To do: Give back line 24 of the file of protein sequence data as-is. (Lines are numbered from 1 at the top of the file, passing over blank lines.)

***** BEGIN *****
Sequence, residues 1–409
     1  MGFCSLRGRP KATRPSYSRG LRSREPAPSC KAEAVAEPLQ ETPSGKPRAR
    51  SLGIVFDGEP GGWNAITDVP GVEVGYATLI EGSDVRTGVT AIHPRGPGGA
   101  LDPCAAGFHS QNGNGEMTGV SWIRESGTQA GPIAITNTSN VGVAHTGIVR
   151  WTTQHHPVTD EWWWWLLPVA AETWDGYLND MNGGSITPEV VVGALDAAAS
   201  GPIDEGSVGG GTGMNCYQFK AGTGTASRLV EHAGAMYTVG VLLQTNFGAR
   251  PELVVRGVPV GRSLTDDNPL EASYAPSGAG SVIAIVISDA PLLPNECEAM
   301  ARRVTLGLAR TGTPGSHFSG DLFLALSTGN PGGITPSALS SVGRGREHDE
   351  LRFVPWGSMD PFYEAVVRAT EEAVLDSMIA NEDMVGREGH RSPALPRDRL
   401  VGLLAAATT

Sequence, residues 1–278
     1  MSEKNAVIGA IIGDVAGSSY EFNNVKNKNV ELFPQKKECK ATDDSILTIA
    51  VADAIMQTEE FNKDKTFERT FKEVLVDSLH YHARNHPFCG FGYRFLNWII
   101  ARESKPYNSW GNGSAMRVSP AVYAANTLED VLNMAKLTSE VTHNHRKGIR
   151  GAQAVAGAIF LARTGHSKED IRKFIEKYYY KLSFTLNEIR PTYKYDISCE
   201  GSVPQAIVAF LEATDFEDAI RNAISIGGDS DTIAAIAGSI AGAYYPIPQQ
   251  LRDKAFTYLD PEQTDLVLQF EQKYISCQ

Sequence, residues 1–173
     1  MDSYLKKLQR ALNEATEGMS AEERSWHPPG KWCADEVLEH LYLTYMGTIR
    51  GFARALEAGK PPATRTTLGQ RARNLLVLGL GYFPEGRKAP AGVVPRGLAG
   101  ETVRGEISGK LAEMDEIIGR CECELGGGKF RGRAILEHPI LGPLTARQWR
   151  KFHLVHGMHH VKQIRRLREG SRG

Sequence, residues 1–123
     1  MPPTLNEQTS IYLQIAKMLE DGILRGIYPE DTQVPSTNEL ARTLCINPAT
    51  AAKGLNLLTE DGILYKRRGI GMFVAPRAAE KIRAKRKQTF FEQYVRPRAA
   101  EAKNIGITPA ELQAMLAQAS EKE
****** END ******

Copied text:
     1  MPPTLNEQTS IYLQIAKMLE DGILRGIYPE DTQVPSTNEL ARTLCINPAT